There are, of course, those who will argue that you don't buy a Volvo for performance, that a Volvo is purchased for its safety features, and that I have no business comparing the C30 with the Focus ST or Mazdaspeed3. I get that, but I don't feel that C30 isn't necessarily any safer than either of those vehicles. When Volvo decided to slap that little blue Polestar square on its hatchback's bumper and squarely in the center of the dashboard, the automaker was also throwing down the gauntlet in the global hot-hatch battlefield.
If the Swedish automaker wants anyone to take that blue square seriously, it's going to have to try a bit harder on the next outing.
Frustrating cabin tech
Frankly, the C30's dashboard tech situation is pretty bad.
For starters, the optional navigation system is horrible. The motorized 6.5-inch display pops up out of the dashboard at the touch of a button. However, I had to break out the instruction manual to even figure out where that button was located. It's not on the dashboard, no. Volvo's DVD-based navigation system (DVDs?! What year is this?!) is controlled by a small joystick-and-button combo mounted on the back of the steering wheel.
The interface is obnoxiously complex in itself, but with the buttons on the back of the steering wheel, I kept confusing Enter with Back. The system ships with an IR remote control for when passengers want to take a stab at entering an address into its non-touch-sensitive interface.
The navigation was so maddening that the best thing I can say about it is that the screen can be folded flat into the dashboard again with the touch of a button and simply ignored.
With the navigation system sorted, I turned my attention to the audio and climate controls below, which are a mess of buttons and knobs bunched on the floating center stack with no separation between the controls for phone, climate, and audio. Every adjustment to the temperature or audio source becomes an eyes-on interaction that takes longer than it should.
Let's say you're driving along and a good song comes on the satellite radio. In most cars, you glance at the screen and everything that you need to know is there: artist's name, song name, and channel ID all on the same screen. However, the Volvo's monochromatic LCD can only show one bit of data at a time and changing the displayed satellite radio metadata from artist name to song title takes about five or six button presses -- and that's after you've memorized all of the weird 10-key shortcuts and didn't get lost in the menu or use the arrow keys. Trust me, you don't want to be doing any of this while driving.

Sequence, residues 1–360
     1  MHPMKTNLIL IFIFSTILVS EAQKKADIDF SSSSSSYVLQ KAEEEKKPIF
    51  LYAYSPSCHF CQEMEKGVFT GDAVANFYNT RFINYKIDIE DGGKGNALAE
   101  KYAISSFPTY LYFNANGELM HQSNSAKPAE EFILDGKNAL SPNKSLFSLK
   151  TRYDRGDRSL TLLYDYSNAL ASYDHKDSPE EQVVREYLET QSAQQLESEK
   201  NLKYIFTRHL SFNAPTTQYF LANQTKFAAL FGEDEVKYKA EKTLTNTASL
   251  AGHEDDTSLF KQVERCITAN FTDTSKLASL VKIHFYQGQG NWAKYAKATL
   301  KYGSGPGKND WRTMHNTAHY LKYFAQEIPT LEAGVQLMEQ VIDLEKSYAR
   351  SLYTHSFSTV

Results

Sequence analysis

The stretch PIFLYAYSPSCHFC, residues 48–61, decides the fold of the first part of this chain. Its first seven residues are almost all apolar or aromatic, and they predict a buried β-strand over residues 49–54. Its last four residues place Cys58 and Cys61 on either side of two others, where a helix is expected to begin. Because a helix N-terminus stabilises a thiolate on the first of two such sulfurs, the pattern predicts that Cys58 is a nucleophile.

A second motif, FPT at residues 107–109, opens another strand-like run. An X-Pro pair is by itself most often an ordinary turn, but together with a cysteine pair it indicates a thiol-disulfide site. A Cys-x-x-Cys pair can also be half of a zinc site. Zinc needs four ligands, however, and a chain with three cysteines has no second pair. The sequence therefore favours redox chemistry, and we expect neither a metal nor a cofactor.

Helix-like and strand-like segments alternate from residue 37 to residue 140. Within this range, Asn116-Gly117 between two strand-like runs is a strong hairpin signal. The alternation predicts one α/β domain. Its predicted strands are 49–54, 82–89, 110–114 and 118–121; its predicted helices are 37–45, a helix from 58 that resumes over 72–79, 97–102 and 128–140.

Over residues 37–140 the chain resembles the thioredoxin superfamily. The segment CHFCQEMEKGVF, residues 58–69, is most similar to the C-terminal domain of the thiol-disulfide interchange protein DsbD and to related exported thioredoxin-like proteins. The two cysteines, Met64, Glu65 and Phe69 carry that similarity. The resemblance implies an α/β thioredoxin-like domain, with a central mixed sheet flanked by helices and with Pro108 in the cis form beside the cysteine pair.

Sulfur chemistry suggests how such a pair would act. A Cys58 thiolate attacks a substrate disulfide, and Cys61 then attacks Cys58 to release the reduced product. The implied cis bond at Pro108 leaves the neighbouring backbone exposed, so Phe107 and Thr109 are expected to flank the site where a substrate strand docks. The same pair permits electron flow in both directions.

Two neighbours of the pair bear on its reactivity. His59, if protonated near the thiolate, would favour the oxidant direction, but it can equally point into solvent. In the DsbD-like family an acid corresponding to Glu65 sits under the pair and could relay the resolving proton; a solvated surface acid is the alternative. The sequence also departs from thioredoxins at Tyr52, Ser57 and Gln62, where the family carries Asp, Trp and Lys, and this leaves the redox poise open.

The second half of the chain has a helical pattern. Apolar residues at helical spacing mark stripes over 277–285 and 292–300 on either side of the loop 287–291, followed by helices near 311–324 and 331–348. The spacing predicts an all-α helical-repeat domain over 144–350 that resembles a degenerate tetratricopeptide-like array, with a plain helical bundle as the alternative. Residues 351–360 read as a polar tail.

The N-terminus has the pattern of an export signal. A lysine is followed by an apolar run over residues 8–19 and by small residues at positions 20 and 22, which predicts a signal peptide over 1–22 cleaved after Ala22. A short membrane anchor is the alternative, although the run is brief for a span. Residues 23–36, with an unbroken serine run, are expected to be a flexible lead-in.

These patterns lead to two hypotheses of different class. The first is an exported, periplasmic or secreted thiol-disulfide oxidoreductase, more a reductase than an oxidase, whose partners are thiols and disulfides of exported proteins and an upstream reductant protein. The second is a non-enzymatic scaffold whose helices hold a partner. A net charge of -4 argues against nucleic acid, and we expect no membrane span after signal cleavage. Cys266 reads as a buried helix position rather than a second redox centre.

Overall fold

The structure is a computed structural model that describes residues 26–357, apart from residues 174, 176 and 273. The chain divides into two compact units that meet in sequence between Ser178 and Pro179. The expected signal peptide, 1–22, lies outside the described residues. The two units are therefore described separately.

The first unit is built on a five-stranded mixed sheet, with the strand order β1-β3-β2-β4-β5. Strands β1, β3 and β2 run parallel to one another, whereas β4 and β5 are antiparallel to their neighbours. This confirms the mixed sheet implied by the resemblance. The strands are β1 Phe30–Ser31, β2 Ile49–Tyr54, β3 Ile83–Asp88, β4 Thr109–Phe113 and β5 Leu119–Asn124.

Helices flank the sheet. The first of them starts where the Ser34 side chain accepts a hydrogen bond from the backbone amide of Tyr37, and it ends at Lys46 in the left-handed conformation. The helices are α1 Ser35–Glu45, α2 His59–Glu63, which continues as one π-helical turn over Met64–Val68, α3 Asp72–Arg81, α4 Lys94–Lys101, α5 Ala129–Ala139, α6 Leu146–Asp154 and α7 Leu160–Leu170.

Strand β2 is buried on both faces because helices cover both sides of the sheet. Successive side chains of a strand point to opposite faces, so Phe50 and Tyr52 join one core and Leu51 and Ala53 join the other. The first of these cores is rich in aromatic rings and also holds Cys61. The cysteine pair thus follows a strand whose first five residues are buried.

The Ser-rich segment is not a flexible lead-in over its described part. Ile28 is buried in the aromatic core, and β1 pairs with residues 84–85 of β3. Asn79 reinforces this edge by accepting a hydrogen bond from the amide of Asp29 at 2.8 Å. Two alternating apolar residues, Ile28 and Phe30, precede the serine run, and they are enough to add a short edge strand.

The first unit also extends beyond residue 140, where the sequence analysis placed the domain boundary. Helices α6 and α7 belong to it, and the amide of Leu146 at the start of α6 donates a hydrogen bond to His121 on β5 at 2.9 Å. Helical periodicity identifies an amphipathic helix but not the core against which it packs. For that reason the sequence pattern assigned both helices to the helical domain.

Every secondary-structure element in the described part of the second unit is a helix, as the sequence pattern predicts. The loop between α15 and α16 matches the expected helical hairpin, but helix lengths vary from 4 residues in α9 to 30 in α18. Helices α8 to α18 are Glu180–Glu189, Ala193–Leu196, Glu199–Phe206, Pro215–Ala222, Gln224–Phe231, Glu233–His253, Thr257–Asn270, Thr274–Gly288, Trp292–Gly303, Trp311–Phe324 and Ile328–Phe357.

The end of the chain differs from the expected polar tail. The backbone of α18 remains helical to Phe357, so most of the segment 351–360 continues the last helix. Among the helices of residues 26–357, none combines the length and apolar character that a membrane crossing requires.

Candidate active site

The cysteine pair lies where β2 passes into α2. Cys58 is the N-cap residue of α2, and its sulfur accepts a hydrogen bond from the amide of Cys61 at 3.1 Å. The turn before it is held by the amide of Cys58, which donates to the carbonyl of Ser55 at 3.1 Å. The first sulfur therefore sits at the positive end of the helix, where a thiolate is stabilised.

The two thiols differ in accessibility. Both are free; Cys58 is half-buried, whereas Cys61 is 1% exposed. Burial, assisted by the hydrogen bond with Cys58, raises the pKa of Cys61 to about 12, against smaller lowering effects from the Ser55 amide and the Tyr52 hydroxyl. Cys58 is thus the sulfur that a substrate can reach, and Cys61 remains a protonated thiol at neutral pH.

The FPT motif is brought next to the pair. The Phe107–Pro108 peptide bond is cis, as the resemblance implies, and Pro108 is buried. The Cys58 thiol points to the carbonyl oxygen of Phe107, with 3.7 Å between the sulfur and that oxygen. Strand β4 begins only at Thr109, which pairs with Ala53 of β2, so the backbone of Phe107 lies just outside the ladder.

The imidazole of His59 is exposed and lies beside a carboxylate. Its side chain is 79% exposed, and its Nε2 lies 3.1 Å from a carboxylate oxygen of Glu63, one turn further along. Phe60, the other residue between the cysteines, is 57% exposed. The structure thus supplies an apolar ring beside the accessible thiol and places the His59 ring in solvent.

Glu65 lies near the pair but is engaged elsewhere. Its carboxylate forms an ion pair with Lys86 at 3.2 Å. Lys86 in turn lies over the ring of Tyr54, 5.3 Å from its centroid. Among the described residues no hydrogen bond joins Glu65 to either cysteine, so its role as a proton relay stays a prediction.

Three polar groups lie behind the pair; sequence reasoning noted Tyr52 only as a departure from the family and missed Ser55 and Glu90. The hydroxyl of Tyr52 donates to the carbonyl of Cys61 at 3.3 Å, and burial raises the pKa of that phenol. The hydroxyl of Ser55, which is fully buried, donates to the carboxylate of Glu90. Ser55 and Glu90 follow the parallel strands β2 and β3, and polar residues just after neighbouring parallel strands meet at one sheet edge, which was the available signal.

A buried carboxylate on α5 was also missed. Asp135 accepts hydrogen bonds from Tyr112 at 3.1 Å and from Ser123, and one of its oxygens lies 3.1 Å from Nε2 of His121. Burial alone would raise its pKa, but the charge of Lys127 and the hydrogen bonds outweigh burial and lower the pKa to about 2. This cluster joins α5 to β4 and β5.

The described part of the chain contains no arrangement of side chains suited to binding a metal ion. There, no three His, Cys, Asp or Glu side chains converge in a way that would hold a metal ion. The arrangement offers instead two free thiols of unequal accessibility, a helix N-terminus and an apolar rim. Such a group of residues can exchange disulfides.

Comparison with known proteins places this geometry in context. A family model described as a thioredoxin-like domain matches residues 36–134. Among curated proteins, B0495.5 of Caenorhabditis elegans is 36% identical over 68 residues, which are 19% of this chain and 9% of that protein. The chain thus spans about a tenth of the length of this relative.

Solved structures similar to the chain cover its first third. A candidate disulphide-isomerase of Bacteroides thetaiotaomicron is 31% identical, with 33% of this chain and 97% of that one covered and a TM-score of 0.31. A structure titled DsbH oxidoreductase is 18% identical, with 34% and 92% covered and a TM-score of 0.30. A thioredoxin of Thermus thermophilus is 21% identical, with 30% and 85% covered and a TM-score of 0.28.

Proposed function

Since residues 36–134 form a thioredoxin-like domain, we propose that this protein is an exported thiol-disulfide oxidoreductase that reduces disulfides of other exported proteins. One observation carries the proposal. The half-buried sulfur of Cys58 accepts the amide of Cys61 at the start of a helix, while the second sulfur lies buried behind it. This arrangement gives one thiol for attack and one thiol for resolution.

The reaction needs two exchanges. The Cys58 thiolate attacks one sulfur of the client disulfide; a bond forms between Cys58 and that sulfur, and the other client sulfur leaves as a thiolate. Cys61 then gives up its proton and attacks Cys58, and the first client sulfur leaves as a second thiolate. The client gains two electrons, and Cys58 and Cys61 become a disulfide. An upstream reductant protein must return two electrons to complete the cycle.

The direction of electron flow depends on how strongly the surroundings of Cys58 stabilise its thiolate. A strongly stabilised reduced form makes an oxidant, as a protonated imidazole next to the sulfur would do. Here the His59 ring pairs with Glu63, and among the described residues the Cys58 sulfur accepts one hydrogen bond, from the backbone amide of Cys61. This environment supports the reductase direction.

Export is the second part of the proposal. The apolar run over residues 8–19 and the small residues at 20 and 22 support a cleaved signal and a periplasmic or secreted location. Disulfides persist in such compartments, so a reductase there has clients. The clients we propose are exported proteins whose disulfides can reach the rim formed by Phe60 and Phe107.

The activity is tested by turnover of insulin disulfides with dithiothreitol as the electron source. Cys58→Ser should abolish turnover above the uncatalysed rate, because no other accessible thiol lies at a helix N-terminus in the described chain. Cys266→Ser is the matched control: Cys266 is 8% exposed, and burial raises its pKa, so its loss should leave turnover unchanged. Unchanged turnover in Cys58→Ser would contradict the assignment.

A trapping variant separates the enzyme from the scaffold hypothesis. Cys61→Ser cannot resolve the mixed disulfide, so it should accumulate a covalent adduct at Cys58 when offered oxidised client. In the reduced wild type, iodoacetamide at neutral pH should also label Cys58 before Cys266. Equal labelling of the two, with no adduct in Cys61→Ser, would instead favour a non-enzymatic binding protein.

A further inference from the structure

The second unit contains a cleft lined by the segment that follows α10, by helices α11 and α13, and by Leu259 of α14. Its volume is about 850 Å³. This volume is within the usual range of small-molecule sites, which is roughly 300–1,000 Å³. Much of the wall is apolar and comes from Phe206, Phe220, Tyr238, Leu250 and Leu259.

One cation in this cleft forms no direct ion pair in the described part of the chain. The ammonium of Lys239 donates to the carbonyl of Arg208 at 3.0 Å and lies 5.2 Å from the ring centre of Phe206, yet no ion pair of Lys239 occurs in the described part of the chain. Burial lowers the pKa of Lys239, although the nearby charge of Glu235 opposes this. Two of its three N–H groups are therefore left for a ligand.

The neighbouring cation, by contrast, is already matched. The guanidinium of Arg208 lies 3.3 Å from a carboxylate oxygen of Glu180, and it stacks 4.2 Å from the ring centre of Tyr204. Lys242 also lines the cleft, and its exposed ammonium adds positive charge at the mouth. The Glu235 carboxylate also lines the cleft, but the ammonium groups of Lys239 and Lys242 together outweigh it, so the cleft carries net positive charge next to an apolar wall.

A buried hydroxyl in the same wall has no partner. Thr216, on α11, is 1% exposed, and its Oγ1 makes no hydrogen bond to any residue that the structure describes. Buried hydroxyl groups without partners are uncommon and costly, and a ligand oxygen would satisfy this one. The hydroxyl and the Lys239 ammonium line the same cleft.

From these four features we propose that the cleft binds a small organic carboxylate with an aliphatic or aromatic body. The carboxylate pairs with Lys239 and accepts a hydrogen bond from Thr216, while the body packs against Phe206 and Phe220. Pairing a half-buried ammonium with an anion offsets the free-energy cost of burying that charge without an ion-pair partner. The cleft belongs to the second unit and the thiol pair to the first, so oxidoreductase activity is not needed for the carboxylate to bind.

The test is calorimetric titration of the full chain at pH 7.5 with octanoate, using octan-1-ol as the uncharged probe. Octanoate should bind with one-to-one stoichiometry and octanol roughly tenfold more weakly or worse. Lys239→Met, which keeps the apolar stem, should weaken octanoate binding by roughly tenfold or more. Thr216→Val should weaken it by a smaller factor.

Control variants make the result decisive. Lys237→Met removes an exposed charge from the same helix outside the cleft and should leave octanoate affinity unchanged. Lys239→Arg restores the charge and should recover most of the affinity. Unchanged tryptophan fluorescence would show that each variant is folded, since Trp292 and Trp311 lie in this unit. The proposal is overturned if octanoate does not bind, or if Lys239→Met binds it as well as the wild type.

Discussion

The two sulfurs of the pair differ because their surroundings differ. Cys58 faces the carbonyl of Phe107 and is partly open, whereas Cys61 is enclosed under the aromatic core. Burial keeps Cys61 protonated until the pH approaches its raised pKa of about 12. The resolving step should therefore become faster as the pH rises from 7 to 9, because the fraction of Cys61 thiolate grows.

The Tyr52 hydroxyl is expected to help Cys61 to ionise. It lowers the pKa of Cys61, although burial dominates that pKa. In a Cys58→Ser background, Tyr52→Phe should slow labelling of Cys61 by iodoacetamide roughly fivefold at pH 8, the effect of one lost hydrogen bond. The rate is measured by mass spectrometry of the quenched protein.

It's not all bad, however. The 10-speaker, 650-watt Premium Sound System that comes as part of the technology package is most excellent, with great bass and remarkably little distortion. The list of available audio sources also checks many of the right boxes, including AM/FM radio with HD Radio tuning, SiriusXM Satellite Radio, USB/iPod connectivity, Bluetooth hands-free calling and audio streaming, and an analog auxiliary audio input.
After a day of fighting with the obnoxious interface for the navigation and infotainment, I just slapped a smartphone to the dashboard with a suction-cup mount, paired it with the stereo via Bluetooth, and left it there for the duration of testing. Problem thoroughly solved.
The TL;DR on the 2013 Volvo C30 T5 R-Design Polestar above works out to three key points: the T5 engine is great with gratuitous amounts of usable torque, the handling is softer than I'd like for a hot-hatch and could benefit from grippier tires, and, with the exception of the sweet Premium Sound System, the cabin technology is just terrible.
That's a pretty tepid assessment of the most powerful, most exclusive variant of this marquee. Interestingly, I didn't find myself sweating most of this when I was behind the wheel. Volvo hasn't built the hottest hatchback, it hasn't loaded the car up with the best tech, but it has created something special -- something fun -- that I really enjoyed driving. Some drivers will just get it; others won't be able to see past the cons. Both camps will be right.
However, the C30 faces some very stiff competition in the compact performance arena. Personally, I'd look elsewhere for my hot-hatch thrills were it my own money on the table. Starting at a base price of $27,850, our tester added $1,000 for the R-Design/Polestar limited-edition package, $5,000 for the Platinum package that adds all of the tech and comfort options, $800 for heated seats and automatic climate control, and $895 for destination charge. All in, Volvo wants $35,545 for this example. That's as expensive as an Audi A3 Quattro and thousands more than a comparably equipped 2013 Ford Focus ST, Mazdaspeed3, or Subaru WRX. Any of these cars would be a better buy.
I was sad to see the playful little Volvo go at the end of my week behind the wheel and I'll be sad to see the C30 go when it ends production soon. Only 250 examples are being made of this swan-song Polestar limited edition -- ours was No. 249. I only wish that the model were going out with more of a bang.
|Model||2013 Volvo C30|
|Trim||T5 R-Design Polestar limited edition|
|Power train||2.5-liter, turbocharged five-cylinder, six-speed manual transmission, front-wheel drive|
|EPA fuel economy||21 city, 29 highway, 24 combined mpg|
|Observed fuel economy||20 mpg|
|Navigation||DVD-based, 6.5-inch screen, remote controller|
|Bluetooth phone support||Yes|
|Disc player||Single-slot CD|
|MP3 player support||Standard analog 3.5mm auxiliary input, USB/iPod connection, Bluetooth audio streaming|
|Other digital audio||SiriusXM Satellite Radio, HD Radio tuning|
|Audio system||Optional 10-speaker Premium Sound System|
|Price as tested||$35,545|